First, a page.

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Paradise Found

If you protect ( I think you should) wrap with frost cloth before it gets cold, and after the cold spell take off.

At least protect the roots. While the soil is warm put a 6" layer of leave, compost, something to help the roots stay warm.  Take away the mulch come spring.  That's one way to get them to regrow from the roots. 

It said that the darker leaf ones are the hardiest. 

If you use the box store make sure they don't have really thin trunks. 

Good luck with the Trial. 

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DAVEinMB

@Paradise Found here's one of the hotel plantings I was talking about. I'm in this part of town a lot so I'll be keeping an eye on them through the winter months

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Paradise Found

Thanks Dave, those look great and loving your climate.  Will be interesting to see how they do come winter/spring.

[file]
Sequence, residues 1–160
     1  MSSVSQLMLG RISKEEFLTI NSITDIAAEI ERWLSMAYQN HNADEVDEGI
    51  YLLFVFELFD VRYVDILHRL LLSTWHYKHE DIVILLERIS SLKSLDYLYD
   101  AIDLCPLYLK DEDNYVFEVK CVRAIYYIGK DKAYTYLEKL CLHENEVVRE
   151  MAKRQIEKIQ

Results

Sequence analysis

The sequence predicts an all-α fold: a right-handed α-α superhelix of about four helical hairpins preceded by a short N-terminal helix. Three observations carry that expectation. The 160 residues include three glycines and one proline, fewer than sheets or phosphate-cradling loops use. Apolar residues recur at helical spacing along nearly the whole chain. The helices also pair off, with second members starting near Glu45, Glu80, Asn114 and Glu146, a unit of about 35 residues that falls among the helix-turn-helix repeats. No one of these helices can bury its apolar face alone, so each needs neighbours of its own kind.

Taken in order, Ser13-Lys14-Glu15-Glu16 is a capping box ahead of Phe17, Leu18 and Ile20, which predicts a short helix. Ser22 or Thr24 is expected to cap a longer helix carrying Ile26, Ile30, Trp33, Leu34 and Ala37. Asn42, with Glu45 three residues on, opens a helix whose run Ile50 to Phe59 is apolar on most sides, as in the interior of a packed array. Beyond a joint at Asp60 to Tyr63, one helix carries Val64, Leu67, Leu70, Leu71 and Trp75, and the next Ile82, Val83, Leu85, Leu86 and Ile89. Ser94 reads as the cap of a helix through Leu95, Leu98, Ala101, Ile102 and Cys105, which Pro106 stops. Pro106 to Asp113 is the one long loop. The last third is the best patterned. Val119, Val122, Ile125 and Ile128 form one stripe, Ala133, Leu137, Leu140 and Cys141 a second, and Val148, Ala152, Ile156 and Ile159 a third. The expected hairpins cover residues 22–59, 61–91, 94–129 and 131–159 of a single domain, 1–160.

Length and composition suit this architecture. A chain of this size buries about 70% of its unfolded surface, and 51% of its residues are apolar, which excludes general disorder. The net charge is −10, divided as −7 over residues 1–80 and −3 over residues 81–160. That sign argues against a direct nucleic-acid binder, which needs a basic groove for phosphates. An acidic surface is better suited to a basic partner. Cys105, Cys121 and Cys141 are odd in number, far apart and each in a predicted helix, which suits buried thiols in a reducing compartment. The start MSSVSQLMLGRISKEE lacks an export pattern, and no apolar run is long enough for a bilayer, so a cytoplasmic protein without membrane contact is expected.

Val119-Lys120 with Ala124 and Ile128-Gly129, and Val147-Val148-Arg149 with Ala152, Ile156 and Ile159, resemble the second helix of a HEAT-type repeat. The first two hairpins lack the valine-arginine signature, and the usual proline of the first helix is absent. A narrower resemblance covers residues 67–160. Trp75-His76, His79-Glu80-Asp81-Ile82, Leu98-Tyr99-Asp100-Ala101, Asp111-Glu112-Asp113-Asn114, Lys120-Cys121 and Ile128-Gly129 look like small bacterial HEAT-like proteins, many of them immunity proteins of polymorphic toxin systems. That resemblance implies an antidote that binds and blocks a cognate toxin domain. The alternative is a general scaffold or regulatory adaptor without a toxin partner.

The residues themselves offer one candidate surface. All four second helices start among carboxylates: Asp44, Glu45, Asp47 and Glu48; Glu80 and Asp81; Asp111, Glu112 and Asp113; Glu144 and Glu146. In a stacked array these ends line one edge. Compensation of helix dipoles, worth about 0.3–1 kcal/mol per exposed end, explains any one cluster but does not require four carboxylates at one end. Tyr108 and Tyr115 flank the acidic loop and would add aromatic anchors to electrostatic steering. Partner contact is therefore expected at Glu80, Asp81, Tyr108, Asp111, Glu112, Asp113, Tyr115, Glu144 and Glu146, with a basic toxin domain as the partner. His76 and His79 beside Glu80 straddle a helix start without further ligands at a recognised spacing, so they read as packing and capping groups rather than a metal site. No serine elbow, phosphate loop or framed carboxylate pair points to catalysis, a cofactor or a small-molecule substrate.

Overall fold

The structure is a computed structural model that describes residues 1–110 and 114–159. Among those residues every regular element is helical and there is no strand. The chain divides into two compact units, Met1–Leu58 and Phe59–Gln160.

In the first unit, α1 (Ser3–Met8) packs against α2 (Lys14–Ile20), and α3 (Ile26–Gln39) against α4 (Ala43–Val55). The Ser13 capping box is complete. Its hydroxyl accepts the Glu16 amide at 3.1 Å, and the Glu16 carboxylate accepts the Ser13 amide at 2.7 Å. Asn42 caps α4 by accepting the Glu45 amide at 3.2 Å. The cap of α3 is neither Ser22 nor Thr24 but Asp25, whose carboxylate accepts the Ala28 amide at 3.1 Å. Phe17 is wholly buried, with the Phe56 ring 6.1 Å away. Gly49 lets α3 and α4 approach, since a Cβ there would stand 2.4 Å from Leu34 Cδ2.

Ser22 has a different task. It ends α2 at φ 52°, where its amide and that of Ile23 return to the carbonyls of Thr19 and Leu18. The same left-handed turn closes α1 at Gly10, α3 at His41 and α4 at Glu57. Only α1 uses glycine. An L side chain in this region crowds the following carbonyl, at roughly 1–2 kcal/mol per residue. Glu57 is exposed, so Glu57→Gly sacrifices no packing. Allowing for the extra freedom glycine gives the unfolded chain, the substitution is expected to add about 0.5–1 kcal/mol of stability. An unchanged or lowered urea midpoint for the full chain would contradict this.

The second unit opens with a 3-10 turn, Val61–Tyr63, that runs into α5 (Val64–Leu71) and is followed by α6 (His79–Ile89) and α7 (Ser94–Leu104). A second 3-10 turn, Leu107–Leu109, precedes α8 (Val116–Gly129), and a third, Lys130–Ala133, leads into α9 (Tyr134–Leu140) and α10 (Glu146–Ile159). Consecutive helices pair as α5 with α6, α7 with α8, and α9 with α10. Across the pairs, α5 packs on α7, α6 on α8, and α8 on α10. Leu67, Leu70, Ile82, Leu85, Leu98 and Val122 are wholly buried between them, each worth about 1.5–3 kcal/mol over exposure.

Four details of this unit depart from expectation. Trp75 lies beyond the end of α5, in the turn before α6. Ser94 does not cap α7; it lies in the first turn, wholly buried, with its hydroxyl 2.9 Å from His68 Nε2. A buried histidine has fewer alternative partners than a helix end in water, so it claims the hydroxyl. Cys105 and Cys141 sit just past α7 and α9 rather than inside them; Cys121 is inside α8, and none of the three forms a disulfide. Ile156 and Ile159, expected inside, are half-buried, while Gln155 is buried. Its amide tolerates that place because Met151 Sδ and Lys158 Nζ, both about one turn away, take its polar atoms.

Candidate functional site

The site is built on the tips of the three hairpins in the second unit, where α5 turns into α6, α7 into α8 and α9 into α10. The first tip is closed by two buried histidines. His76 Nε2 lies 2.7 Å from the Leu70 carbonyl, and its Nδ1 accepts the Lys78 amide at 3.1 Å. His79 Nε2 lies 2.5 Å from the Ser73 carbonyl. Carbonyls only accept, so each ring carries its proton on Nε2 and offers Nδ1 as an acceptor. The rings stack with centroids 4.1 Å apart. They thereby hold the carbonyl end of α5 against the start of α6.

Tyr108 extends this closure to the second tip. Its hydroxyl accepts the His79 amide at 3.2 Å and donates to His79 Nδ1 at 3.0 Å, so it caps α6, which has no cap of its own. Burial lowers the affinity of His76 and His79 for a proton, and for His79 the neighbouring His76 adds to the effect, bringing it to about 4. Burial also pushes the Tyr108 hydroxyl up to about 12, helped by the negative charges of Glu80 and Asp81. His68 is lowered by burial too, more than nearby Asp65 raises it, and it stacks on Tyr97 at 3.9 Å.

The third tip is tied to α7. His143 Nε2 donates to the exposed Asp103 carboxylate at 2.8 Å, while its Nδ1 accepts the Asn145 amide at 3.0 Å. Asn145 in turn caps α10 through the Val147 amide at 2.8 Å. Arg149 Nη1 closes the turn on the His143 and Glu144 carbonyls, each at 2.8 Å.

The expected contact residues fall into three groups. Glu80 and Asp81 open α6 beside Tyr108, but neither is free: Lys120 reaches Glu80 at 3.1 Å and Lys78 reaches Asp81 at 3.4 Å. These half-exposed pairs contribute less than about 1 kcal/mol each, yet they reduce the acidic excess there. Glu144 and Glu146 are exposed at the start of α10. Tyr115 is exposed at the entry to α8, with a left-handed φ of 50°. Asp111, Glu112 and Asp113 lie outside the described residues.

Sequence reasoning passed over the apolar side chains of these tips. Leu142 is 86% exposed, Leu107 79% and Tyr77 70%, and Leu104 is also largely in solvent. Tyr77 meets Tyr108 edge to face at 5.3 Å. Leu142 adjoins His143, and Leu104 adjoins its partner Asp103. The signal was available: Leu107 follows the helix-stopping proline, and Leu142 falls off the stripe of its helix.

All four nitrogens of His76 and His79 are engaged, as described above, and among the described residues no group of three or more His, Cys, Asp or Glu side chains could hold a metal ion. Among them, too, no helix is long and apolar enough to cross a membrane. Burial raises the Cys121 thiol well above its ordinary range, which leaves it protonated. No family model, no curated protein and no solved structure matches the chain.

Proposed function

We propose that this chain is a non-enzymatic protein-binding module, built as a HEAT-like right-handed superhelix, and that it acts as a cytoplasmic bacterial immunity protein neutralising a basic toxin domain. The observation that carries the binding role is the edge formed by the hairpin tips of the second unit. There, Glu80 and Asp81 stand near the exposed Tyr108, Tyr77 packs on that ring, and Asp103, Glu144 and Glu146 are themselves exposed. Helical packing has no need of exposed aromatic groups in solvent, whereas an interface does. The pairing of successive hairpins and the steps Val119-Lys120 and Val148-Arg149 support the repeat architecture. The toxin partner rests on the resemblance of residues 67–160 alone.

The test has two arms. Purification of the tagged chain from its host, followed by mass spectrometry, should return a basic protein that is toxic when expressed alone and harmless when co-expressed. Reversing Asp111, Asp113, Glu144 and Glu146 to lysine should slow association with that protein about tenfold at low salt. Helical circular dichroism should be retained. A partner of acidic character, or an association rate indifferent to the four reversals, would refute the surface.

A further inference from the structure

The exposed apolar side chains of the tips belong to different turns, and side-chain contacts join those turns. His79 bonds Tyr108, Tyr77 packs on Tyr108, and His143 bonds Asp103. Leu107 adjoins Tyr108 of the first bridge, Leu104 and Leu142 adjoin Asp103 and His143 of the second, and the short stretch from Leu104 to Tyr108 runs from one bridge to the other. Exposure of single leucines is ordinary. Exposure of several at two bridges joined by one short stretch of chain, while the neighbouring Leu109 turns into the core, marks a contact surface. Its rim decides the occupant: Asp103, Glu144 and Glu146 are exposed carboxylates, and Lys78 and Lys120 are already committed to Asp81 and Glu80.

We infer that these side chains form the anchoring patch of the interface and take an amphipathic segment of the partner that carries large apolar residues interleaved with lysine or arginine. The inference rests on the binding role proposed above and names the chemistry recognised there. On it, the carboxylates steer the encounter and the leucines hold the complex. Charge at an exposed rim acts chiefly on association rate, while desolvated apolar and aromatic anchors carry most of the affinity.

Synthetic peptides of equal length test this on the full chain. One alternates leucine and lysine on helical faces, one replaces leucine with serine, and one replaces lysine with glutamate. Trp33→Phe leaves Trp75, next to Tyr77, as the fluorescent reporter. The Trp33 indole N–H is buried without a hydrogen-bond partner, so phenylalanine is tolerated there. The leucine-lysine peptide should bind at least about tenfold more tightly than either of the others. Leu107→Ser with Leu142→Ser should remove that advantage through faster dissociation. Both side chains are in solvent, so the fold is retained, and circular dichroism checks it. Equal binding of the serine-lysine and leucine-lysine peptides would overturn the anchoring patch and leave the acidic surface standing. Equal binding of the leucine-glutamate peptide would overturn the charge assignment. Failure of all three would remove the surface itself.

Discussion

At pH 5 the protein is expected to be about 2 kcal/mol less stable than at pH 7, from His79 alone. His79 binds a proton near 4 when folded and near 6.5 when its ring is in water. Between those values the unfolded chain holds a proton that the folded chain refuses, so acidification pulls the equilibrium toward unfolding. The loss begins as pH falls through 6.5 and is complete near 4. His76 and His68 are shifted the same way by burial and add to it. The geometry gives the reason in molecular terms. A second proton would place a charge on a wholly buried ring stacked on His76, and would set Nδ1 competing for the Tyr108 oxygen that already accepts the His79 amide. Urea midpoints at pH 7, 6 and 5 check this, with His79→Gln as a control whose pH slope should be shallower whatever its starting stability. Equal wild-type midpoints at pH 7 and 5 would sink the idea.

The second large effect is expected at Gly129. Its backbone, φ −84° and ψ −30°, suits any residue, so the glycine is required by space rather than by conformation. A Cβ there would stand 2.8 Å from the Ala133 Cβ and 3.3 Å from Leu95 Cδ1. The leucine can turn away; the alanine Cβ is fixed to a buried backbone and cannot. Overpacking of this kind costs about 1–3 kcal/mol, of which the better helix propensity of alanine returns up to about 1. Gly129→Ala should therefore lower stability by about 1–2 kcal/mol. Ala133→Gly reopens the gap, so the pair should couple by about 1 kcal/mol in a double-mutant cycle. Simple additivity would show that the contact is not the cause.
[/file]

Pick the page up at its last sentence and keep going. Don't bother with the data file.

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Paradise Found
4 hours ago, Paradise Found said:

Thanks Dave, those look great and loving your climate.  Will be interesting to see how they do come winter/spring. 

Also thank you so much for taking the time to photo shoot these and for any updates in the future. Thank You!

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DAVEinMB
20 minutes ago, Paradise Found said:

Also thank you so much for taking the time to photo shoot these and for any updates in the future. Thank You!

Absolutely! My overall palm/tropical venture has been really enjoyable and I find myself noticing plantings like this more and more. If I can contribute something I'm happy to :shaka-2: